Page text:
First though, she prefaces with: “this can be scary, looking up.”

She’s right. I start by gliding my eyes north, head locked so as to avoid shattering the balance I have achieved. A few more seconds go by and I let my head turn in the direction of my right hand. For one second, I’m looking up. It’s a rush. Like jumping into the cold New England ocean from a jetty instead of easing yourself in from the beach. But all too soon, my knee buckles and I collapse out of the pose.

Travel’s like that. That feeling you get when you’re about to step out of your comfort zone is scary, but also exhilarating. Hell, doing anything that could make you fall is like that too. You could be psyching yourself up to sit at a bar alone and be at peace with your solitude instead of insecure, or climbing a mountain you feel you have no business scaling because you haven’t trained or simply haven’t done it before.

The thing with half moon though is I know someday I’ll get it, and what I will have accomplished is the mere mastering of a pose.

What matters is the practice.

The act of diving straight in even though it will be uncomfortable, of charging forward even when you’re scared, of looking up even if you know you’ll fall.

capturing nemo

Posted by susan on February 10th, 2013

Many areas of New England saw as much as three feet of snow as the record-breaking blizzard, known as Nemo, pummeled the region. Like most New Englanders, that left Mike and I cooped up in our house, until cabin fever got the best of us.

In case you haven’t seen enough photos of this epic storm, here’s a glimpse into our storm watch adventure…

Blizzard porch

Nemo Mike

Nemo natick center

>Blizzard sidewalk

blizzard east central street

nemo roads

climbing up mount washington & out of ruts

Posted by susan on January 24th, 2013

Have you ever been in a rut that forces you to say no to everything? A rut that makes you back out of plans when the logistics seem too complicated or when you envision yourself being way too tired? A rut that kills the thing in you that fuels your sense of adventure?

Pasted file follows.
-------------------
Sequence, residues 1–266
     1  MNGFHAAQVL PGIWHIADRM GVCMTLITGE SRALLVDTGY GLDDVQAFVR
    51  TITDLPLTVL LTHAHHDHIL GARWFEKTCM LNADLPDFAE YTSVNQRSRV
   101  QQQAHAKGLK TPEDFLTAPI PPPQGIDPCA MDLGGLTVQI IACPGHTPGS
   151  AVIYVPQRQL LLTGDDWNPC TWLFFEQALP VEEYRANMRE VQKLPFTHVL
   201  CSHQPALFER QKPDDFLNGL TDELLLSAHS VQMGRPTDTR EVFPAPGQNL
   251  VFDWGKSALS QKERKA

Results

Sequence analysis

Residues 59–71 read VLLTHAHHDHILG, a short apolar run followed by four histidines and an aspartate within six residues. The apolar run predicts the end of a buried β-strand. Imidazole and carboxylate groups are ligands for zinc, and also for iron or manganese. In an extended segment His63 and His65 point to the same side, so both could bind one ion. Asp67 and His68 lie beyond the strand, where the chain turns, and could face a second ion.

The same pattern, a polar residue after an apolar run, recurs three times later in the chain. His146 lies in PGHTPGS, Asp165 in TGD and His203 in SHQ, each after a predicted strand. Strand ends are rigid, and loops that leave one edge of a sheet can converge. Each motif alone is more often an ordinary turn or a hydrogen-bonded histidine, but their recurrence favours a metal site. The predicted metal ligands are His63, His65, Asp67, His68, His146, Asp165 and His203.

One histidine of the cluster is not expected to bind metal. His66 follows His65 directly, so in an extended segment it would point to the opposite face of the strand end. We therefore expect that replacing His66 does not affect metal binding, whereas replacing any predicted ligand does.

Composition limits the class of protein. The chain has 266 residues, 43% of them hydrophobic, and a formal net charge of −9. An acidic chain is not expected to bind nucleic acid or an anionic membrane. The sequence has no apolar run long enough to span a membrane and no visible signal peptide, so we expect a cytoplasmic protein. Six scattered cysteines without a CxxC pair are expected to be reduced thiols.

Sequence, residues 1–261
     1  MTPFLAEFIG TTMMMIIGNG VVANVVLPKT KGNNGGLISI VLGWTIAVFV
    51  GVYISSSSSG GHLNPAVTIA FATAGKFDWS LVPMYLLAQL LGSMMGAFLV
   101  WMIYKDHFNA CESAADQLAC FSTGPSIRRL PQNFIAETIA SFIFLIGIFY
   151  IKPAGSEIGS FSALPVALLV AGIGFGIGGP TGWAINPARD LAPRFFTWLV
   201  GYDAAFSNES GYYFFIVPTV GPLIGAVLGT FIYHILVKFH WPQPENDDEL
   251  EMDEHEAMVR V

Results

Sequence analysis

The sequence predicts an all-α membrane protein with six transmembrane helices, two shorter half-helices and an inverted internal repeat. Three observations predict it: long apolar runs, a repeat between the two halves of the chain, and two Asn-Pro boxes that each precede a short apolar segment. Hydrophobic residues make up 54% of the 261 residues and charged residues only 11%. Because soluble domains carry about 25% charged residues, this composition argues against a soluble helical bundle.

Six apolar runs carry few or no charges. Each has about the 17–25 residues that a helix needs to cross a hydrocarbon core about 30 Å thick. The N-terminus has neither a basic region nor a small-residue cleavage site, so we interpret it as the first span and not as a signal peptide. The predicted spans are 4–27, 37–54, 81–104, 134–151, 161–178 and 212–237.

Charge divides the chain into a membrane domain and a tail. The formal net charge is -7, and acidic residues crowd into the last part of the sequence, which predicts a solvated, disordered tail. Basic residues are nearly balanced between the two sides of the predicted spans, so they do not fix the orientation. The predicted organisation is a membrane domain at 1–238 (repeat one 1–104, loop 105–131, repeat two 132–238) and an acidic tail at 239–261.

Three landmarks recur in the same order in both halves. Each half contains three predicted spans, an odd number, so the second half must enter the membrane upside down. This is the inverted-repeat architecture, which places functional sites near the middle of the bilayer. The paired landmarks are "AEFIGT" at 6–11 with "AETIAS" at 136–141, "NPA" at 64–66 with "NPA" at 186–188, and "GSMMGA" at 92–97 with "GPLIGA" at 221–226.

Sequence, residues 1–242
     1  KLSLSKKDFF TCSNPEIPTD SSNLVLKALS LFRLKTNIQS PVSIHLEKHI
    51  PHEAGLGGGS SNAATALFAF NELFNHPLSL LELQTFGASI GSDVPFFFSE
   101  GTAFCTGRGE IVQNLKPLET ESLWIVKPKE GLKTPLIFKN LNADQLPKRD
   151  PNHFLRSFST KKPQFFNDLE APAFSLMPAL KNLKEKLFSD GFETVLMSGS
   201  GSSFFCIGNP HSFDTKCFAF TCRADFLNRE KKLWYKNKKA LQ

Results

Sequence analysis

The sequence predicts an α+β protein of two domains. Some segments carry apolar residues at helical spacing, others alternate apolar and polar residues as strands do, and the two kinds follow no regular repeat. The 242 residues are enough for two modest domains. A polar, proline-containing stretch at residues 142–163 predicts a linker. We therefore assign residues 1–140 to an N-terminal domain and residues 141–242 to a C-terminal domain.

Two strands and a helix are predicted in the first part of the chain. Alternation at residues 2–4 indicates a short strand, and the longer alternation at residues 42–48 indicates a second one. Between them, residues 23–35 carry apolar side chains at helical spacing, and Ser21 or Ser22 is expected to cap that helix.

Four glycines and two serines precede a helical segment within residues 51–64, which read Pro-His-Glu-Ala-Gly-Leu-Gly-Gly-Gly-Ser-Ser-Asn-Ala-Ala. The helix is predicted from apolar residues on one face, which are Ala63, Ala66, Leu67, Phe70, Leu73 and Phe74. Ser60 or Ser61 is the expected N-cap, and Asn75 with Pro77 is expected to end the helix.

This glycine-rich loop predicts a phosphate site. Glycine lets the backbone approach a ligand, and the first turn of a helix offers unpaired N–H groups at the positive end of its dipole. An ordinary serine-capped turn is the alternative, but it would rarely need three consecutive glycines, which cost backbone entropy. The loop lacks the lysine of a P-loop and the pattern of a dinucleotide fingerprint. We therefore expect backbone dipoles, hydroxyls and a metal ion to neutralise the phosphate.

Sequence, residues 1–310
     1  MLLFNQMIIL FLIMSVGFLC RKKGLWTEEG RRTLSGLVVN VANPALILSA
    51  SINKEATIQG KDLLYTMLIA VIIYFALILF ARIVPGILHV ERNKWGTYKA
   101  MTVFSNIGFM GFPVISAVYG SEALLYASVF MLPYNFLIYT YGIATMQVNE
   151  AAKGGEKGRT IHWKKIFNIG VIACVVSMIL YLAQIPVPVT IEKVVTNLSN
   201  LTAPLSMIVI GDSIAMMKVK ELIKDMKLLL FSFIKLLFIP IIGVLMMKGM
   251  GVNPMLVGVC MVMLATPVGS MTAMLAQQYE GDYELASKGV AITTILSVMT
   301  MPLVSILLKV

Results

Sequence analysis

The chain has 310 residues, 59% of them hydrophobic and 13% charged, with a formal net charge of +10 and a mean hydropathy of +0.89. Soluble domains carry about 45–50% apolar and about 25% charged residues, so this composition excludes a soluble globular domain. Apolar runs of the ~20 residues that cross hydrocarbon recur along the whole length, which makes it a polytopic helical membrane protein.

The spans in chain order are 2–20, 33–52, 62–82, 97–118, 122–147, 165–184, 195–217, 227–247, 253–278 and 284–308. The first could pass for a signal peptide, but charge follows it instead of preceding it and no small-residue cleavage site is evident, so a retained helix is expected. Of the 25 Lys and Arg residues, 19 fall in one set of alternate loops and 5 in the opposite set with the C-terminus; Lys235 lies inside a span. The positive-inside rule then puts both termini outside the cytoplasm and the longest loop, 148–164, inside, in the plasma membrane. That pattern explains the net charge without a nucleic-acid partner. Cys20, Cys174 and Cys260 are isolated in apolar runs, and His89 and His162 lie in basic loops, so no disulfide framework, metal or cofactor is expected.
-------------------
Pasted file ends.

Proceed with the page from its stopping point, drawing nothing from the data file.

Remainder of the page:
Sure, I talk “adventure” here all the time, but in reality this blog is the thing that holds me accountable to my “adventurousness.” I hate to admit it, but my dark side is the side of me that backs out to take the easy route. No, not the easy route – the “sensible” route. But I ask you – me actually – how many once-in-a-lifetime moments have I seared into my memory thanks to taking the “sensible” route? Not many. It’s stupid, but I do it and I bet you do to0.

I was right smack in the middle of one of those ruts when I realized it was way too late to back out of hiking up Mount Washington. Yeah, Mount friggin’ Washington. The highest peak in New England. My preparation for the hike at that point was a couple of easy strolls up the Blue Hills within the past year or so. But my brother-in-law, Grayson, heard that me and Mike wanted to become an “active couple” and “start hiking” and he made it happen.

Despite a flurry of emails offering tips, recommendations and overall enthusiasm in the weeks leading up to the trip, I kept looking ahead to the day with dread. Not because I didn’t want to go, but because I let my schedule take precedence over actually getting in shape for the climb. So, on one pitch black Saturday morning in late October, me, Mike, Grayson and my sister Jenny hit the road at 4:00 a.m.

When we arrived at the bottom of Mount Washington and prepared for the hike to the top, we discovered that the early stages were merely a “hike.” And it was lovely…

Hiking Mount Washington